7. There is a tendency to write green lifestyle-stories rather than “tough” political issues, because the audience seems to be fed up with green politics. Magazine covers with climate issues sell badly, covers with “green” cooking/gardening/lifestyle are bestsellers. The age of doom and gloom in the headlines is over.

8. New story lines come into the focus when the old green issues have been told over and over again. The recent rise of climate change skepticism in Germany is largely due to media that have been looking for a new angle on the story without paying much attention to the question of accurate and fair reporting. As a means to distinguish oneself from the crowd, it is one strategy to question the “green consensus” in Germany.

9. There is a decoupling of environmental and social Issues. The social impacts of pollution are underreported, partly because pollution is invisible these days. But an issue like poorer people living in areas with more smog, more noise and more pollutants has vanished from the headlines.

10. Most of all: The global implications of German policies and economic activities are largely underreported. The significance of German policy in the positive (e.g. as a role model for and exporter of renewable energy technology) and negative sense (e.g. German export subsidies that kill small farm businesses in African countries) is underestimated. Although quite international by comparison to US standards, green reporting is still “too German”.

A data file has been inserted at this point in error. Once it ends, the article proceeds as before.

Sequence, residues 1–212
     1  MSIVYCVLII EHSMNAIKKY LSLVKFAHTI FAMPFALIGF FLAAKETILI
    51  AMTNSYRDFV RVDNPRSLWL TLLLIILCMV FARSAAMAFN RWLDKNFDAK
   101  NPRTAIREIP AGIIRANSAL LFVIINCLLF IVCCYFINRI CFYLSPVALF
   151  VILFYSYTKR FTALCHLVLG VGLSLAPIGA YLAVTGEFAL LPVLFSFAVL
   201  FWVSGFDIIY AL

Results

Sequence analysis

11. The importance of the EU in the environment/agriculture/energy/climate/fisheries areas is not well understood. German media tend to report on green issues without seeing Brussels as an important player. And if they take into account the EU, they often tend to focus on seemingly “crazy” Brussels regulation (like the ban of powerful vacuum cleaners above 1600 Watts, for example) without seeing the member-states´ interests behind them.

12. We lack a successful independent national eco magazine. Greenpeace Magazine, zeozwei or Geo have only very limited political impact. A German Ecologist would be a good idea.